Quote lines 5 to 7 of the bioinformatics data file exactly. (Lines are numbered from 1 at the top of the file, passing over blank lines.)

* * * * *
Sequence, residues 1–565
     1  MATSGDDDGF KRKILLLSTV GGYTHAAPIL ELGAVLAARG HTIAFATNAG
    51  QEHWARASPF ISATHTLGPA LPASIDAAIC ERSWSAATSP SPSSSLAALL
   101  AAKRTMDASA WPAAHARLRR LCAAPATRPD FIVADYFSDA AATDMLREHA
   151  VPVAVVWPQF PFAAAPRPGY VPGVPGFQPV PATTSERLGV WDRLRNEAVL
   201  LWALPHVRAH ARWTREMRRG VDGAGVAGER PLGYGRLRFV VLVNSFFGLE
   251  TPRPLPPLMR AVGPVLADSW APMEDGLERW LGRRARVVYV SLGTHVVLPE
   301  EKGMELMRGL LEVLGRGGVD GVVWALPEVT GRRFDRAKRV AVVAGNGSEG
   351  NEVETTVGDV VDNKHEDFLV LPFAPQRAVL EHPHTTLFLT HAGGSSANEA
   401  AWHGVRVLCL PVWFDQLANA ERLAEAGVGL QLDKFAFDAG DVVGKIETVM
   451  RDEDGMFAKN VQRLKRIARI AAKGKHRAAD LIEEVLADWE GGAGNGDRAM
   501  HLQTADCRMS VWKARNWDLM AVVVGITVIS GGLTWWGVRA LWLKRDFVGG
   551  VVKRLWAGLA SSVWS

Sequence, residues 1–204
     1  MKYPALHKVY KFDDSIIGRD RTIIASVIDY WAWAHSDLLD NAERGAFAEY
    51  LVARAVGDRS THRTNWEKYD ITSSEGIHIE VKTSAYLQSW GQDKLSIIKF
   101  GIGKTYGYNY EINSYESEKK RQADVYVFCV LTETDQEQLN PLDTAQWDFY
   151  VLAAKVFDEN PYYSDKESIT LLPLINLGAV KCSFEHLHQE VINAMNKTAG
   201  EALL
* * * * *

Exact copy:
   151  VPVAVVWPQF PFAAAPRPGY VPGVPGFQPV PATTSERLGV WDRLRNEAVL
   201  LWALPHVRAH ARWTREMRRG VDGAGVAGER PLGYGRLRFV VLVNSFFGLE
   251  TPRPLPPLMR AVGPVLADSW APMEDGLERW LGRRARVVYV SLGTHVVLPE